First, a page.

No renewal of no-fault before Oct. 1
As Florida’s no-fault insurance law ends its three-decade run Oct. 1, the state’s highly competitive automobile insurance market may be ready to enjoy a new dawn — or enter a new Dark Ages, depending on who you talk to.Hospitals fear being stuck with unpaid emergency room bills. Insurance agents are puzzling over what to advise their clients — no-fault protection won’t go away all at once but rather as policies come for renewal in the coming months. And consumers are often confused that the only plan for the future seems to be allowing no-fault to sunset and letting the chips fall as they may.
The only consensus among lawmakers and various business interests is that the current law invites fraud. There’s no agreement on any kind of solution.The Legislature is now supposed to meet for a budget-cutting session Oct. 3, rather than Sept. 18 as originally projected. Many lawmakers anticipated a last-minute effort to extend or even reform no-fault during the earlier date.Now that the target is Oct. 3, it’s certain that no-fault will expire — and there’s no word on whether the special session order that should be published this week will contain any agenda item other than the budget.
It’s a PIP
The centerpiece of no-fault is its mandatory $10,000 personal injury protection coverage, which pays 80 percent of medical expenses and 60 percent of lost wages plus miscellaneous household expenses that might be caused by an accident — for example, hiring cleaning or yard service while convalescing.
PIP has been effective in providing quick settlements of legitimate medical expenses, especially emergency room bills.But it’s also spawned many outpatient “PIP clinics,” mainly in Miami-Dade, Broward and Palm Beach counties. These medical facilities are noted less for the effectiveness of the treatments they provide than for the speed with which they can file claims totaling $10,000.”Our no-fault system was by no means perfect. You are never going to come up with a perfect system as long as there are people out there looking to play the system and defraud the system,” said Jim Nolan, president of Nolan Family Insurance. “It drives auto insurance costs for every consumer up by hundreds of dollars every year.
“The ripple effects from this are going to be heard for years to come,” he said.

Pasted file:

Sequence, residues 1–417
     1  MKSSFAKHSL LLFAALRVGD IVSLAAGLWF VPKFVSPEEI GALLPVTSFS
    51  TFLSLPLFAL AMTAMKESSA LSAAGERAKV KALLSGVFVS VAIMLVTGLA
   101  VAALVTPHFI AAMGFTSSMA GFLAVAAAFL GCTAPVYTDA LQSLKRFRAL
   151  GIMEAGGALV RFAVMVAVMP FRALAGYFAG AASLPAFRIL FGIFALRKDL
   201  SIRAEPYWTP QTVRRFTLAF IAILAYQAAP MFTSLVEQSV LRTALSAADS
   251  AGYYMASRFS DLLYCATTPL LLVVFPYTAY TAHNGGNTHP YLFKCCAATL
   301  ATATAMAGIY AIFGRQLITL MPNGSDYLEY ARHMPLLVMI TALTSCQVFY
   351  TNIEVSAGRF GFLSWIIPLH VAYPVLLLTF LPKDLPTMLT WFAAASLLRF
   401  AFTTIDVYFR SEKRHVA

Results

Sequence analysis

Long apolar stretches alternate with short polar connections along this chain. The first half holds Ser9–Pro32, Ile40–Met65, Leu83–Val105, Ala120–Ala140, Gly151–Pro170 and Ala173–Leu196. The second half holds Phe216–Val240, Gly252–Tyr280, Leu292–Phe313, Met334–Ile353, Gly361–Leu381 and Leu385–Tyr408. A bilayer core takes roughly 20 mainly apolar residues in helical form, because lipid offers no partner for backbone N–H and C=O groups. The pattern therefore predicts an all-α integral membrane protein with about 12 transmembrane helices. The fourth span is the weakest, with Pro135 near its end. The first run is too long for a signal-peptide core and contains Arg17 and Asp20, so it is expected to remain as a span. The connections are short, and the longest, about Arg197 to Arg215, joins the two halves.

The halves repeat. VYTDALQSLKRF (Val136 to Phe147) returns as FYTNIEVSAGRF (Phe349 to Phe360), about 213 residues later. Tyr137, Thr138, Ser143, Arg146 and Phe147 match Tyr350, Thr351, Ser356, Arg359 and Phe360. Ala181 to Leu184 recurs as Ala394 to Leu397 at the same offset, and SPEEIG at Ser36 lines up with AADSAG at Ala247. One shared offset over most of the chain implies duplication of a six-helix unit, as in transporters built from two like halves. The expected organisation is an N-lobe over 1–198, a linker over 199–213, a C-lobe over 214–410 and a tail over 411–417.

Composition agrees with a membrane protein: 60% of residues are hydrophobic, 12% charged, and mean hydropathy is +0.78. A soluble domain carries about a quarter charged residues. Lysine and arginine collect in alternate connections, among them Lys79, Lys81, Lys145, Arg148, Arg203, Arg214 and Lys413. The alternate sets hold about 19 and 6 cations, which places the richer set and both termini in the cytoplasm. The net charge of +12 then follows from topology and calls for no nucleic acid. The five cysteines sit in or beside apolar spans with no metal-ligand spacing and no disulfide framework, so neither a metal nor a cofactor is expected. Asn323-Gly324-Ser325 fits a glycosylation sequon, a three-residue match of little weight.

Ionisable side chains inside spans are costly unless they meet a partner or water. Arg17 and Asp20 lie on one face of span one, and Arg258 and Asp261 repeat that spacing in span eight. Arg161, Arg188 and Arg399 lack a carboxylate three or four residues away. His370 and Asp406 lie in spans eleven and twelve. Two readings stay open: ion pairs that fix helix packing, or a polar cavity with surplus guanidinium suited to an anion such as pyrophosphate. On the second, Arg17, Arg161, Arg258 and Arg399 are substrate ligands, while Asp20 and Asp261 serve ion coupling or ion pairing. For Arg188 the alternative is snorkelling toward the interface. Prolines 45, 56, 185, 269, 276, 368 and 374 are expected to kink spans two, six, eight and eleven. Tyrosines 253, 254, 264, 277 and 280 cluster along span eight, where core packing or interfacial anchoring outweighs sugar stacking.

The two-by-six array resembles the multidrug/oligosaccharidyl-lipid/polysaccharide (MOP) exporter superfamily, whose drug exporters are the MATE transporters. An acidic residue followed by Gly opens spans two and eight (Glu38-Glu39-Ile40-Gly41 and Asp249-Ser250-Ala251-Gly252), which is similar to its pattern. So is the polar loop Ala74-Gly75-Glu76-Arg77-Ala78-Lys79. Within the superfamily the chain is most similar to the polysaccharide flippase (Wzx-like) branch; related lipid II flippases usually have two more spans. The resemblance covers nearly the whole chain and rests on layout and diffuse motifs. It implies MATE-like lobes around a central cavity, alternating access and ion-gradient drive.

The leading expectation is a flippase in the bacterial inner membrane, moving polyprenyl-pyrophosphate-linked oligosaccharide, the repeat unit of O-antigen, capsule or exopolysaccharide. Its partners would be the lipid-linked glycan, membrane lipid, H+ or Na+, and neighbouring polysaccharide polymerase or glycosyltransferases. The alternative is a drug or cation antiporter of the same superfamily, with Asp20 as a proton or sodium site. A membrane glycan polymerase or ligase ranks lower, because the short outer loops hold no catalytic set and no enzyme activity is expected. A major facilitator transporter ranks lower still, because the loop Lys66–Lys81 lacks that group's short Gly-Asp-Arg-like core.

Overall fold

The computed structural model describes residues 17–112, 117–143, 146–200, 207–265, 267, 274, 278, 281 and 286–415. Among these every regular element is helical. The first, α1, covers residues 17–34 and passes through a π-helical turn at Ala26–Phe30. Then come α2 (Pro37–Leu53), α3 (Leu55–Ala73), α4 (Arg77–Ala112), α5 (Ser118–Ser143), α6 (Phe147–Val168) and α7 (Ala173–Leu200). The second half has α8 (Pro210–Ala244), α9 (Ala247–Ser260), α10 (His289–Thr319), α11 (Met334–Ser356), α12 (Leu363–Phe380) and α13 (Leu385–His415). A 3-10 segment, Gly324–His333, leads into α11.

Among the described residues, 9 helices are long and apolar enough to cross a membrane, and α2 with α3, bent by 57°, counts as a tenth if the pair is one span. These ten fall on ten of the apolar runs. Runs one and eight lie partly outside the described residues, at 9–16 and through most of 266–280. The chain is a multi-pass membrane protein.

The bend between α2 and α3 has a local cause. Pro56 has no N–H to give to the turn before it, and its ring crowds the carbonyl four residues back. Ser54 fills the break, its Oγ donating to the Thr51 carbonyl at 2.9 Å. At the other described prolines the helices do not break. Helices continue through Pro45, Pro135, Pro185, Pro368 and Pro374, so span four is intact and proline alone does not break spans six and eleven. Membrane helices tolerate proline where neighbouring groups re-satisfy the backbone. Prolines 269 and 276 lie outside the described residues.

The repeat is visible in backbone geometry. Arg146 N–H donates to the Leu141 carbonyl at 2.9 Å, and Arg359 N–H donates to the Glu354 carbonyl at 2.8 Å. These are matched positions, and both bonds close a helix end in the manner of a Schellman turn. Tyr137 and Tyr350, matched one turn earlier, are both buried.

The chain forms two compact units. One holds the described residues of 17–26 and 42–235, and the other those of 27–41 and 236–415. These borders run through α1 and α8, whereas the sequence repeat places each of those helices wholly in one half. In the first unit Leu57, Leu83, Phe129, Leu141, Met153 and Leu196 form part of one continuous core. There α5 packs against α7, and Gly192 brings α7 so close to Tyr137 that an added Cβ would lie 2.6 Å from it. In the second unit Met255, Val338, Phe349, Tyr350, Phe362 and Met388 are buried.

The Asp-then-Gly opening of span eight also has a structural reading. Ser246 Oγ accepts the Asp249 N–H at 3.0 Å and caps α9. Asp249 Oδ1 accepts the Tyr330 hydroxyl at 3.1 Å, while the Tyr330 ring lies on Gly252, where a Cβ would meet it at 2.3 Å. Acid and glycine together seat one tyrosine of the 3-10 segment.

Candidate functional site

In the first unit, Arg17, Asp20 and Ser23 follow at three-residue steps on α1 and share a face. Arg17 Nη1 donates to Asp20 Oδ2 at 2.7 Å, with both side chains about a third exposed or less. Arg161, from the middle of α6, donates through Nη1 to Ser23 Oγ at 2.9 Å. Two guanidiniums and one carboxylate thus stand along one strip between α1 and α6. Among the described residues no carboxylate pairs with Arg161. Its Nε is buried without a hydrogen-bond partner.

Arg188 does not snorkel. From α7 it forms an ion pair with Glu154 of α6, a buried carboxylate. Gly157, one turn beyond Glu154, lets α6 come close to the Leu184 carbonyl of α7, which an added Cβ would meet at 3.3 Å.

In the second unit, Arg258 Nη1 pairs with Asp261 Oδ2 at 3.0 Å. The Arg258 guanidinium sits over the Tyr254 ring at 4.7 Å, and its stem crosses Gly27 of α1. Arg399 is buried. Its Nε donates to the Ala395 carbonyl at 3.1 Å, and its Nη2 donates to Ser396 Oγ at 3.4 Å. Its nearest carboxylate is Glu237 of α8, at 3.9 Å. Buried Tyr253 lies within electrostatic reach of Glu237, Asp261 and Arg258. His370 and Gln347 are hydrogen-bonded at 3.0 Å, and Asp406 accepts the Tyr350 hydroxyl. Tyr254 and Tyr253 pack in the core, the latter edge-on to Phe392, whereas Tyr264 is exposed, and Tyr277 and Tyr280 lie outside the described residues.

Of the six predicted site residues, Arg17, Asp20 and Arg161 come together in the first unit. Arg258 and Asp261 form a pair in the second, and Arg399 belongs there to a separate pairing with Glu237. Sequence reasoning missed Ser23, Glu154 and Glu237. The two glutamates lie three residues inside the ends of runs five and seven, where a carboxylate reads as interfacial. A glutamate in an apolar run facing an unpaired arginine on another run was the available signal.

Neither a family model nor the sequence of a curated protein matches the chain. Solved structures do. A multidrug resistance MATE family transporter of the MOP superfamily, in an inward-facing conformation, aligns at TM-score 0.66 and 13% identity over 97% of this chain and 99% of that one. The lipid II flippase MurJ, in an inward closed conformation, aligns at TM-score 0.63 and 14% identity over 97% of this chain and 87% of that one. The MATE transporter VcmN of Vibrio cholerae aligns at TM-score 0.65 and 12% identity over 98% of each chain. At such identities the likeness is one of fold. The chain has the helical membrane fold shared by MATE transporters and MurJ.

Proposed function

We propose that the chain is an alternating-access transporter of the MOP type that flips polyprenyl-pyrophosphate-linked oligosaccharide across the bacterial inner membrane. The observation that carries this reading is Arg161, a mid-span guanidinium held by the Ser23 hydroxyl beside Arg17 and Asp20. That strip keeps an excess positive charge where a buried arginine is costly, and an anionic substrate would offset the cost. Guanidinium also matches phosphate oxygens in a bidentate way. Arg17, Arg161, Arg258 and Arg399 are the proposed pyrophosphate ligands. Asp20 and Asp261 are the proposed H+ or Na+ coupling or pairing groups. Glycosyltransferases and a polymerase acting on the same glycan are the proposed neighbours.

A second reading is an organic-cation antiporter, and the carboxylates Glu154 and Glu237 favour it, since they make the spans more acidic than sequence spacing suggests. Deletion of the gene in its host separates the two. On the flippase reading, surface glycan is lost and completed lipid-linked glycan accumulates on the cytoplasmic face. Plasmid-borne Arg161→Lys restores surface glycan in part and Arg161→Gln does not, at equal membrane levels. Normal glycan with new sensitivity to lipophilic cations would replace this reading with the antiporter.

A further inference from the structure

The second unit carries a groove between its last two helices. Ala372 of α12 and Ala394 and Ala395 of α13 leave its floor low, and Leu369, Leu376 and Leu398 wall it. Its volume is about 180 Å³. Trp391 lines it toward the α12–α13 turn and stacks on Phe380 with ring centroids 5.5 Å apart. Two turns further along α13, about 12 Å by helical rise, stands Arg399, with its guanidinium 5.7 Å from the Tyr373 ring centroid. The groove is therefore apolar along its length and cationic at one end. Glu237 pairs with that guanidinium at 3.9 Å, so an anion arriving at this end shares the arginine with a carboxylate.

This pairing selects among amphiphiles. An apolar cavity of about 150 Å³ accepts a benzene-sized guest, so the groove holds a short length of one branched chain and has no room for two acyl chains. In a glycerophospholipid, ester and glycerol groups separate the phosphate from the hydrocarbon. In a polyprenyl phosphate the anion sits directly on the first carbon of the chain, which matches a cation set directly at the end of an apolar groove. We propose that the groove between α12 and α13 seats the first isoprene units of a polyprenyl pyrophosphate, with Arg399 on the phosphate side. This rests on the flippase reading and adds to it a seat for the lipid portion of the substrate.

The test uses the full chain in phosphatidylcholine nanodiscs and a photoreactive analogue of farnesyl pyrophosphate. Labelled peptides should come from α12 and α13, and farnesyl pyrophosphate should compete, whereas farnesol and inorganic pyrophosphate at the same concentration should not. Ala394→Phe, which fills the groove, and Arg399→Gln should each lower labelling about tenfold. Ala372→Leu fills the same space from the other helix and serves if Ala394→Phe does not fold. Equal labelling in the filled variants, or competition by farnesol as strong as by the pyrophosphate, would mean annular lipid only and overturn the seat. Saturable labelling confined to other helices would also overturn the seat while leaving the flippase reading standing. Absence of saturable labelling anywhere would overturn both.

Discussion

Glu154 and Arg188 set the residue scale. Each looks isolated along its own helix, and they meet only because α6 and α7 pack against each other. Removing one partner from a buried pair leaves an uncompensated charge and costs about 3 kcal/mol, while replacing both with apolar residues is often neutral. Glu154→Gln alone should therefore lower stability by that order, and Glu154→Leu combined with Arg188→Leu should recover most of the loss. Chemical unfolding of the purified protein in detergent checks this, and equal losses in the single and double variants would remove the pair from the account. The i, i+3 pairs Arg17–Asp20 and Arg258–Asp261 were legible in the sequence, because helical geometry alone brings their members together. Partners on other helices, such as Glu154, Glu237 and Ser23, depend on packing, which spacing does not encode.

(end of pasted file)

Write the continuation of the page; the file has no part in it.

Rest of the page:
Prior to no-fault, Florida had a fault-based system — if you were hurt in an accident, you sued the at-fault driver.Best case, the other driver had bodily injury liability coverage sufficient to pay the claim. Worst case, the case ended up in court, with the injured person going after the at-fault driver’s insurance, followed by his other assets.
“Losing no-fault kind of scares me a little, because people will wind up in lawsuits more often,” said Sheila Graham, agent with West Coast Insurance Agency.After Oct. 1, assuming there’s no last-minute extension, Florida goes back to a fault-based system.Nolan said that one of the complexities of the no-fault law was that it protected drivers from pain-and-suffering claims, except when the accident resulted in a permanent disability. This will no longer be the case.
“In a post-no-fault world, drivers need to ensure that they have adequate insurance to protect their financial security, because if they don’t, their entire financial portfolio will be in the crosshairs of the plaintiff’s attorneys,” said Rich Rasmussen, vice president of the Florida Hospital Association, a Tallahassee-based industry group.
Nolan said that under no-fault, all claims were settled first against the accident victim’s own PIP. Only after the $10,000 was exhausted would claims be filed against other coverage — including the victim’s own health insurance or the other driver’s bodily injury liability coverage, if carried.